The two of us were in Qatar with our colleague Christopher Marshall, a marine biology professor from Texas A&M University and Smithsonian research associate, who knew these shorelines better than we did from many field seasons surveying local dugongs. Hundreds of these plant-eating sea cows congregate in this part of the Gulf. Precious little is understood about how and why. Dugongs use their mouths and tusks to dig and snip at seagrass roots; we were hoping to find any part of the skull or skeleton washed up on the shore to know more about the animal's age, health, and even diet. A single bone could tell us something valuable about the diversity of marine mammals living in the Gulf.
The oil stains across the shore were hardened globs of tar, a reminder of the tolls from the first Gulf War. Along this coastline, facing the shores of Iran unseen in the far distance, we walked along a narrow ledge of limestone, between white sand and aquamarine waves, doing what beachcombing scientists do: talk, take in the scenery, and scan the foreground for something interesting.
Plink, plunk! We heard it before we saw it: one of us had kicked something no longer than a pencil and no thicker than a banana. It skittered a few feet and stopped. There was nothing ostentatious about it. But, to a trained eye, it was a shaft of a bone with just the right bend, weft, and heft to be the dense rib of a sea cow.
That was a welcome find, but more interesting was that it passed the lick test: your tongue will stick to the pores of modern bone but slide along the surface of a fossil. Our first reaction: this was not a sea cow that had just washed up, but one that had been turned to stone. A fossil sea cow? What species? And how old? The few clues in hand raised so many more questions.
We took notes, photographed the fossil, and shared the findings with our colleagues back in Doha, who later cataloged the bone for the collections at the National Museum of Qatar. That’s the first step in a longer process of reporting in science; it continues today by comparing what we found with ribs from other modern and fossil species in the collections at the Smithsonian Institution. Meanwhile, we figured out that the limestone that pedestaled the rib (before we stumbled on it) is at least 125,000 years old – a sea cow from the Ice Ages! That tells us that some parts of the Gulf must have been wet at that time, despite sea-level changes that might have dried up the Gulf many times over. We hope to share more, but science takes time.
You would be surprised how little we know about most marine mammals. Many parts of the world, including the Arabian Gulf, lack dedicated searching and reporting. Scientists in Qatar and the Gulf region have a unique setting for their work: the extreme heat of the summer (which is only getting hotter) makes parts of the Gulf hypersaline while tight security around oil and gas platforms makes the surrounding waters de facto protected areas. Against this backdrop, the lives of marine mammals and other ocean giants of the Gulf, such as whale sharks, remain shrouded in mystery. How many are there? Where do they go? And what will happen to them as climate change alters their future (and ours)?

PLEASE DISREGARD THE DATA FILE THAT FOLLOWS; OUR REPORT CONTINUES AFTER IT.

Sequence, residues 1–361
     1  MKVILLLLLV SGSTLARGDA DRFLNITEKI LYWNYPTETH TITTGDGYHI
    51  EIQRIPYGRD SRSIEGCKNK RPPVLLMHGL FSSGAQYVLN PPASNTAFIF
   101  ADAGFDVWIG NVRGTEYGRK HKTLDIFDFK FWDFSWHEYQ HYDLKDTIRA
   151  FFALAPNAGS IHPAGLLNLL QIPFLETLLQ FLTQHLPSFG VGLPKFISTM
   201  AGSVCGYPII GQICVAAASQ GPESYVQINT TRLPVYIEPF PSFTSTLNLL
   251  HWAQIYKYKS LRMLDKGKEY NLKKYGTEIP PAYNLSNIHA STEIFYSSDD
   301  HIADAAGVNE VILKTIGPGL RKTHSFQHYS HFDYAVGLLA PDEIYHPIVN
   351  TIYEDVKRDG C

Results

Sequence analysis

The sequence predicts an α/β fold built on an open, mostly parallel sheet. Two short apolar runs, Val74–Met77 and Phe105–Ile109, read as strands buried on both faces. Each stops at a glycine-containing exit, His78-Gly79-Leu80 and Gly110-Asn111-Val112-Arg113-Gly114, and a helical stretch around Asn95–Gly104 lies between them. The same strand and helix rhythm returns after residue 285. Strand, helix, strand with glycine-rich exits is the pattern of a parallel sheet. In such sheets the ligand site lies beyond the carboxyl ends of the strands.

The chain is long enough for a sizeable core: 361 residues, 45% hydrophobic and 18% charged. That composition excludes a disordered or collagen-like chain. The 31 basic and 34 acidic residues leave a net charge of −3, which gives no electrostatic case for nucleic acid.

No single research group, network, or country can answer these questions alone. Communication and coordination across borders are critical parts for the conservation of global biodiversity. That’s why we look forward to hosting a summit about how we can best share data and knowledge about marine life in the Gulf. Next week, with support from the Smithsonian’s National Museum of Natural History and Conservation Commons, we’re convening experts from science, government, and industry to discuss what works and make sure that the ocean biodiversity information about the Arabian Gulf is accessible and usable to those inside and outside of science.
The transboundary collaborations in science are as useful in dialogue as they are in practice. We went looking for the bones of recently dead marine mammals but instead found something surprising: a bone from a very long dead sea cow, one that might even belong to an extinct species.
Figuring out the significance of that single bone involves time-intensive work across borders with our Qatari colleagues and tying together fieldnotes, catalog numbers, geologic history, and basic anatomy. Our best guess at the moment? We think that sea cows have thrived in the extremely variable Arabian Gulf for much longer than previously suspected – maybe for millions of years. And, in turn, sea cows living in the Gulf today might be more resilient to change than previously thought. Unlocking that knowledge will involve yet more desk work: building big data sets, opening up data networks, and virtually building teams across borders and timezones. That orchestration is how most scientific discovery happens today, in any discipline.
A surprise discovery made in the world away from our desks can still be a spark. Sometimes all it takes is an open mind and a stumbling step.